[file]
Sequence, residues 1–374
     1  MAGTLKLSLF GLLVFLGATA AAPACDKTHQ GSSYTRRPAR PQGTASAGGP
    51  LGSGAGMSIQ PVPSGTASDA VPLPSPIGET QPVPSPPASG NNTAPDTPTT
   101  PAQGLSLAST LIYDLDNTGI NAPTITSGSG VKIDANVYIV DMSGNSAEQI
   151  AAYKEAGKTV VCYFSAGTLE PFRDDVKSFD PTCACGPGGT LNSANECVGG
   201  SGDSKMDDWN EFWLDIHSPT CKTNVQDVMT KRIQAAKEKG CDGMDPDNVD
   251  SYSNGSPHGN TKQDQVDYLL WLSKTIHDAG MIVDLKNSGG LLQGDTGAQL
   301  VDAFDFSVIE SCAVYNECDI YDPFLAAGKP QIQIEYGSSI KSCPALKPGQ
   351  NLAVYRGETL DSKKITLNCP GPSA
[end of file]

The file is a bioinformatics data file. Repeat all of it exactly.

Sequence, residues 1–374
     1  MAGTLKLSLF GLLVFLGATA AAPACDKTHQ GSSYTRRPAR PQGTASAGGP
    51  LGSGAGMSIQ PVPSGTASDA VPLPSPIGET QPVPSPPASG NNTAPDTPTT
   101  PAQGLSLAST LIYDLDNTGI NAPTITSGSG VKIDANVYIV DMSGNSAEQI
   151  AAYKEAGKTV VCYFSAGTLE PFRDDVKSFD PTCACGPGGT LNSANECVGG
   201  SGDSKMDDWN EFWLDIHSPT CKTNVQDVMT KRIQAAKEKG CDGMDPDNVD
   251  SYSNGSPHGN TKQDQVDYLL WLSKTIHDAG MIVDLKNSGG LLQGDTGAQL
   301  VDAFDFSVIE SCAVYNECDI YDPFLAAGKP QIQIEYGSSI KSCPALKPGQ
   351  NLAVYRGETL DSKKITLNCP GPSA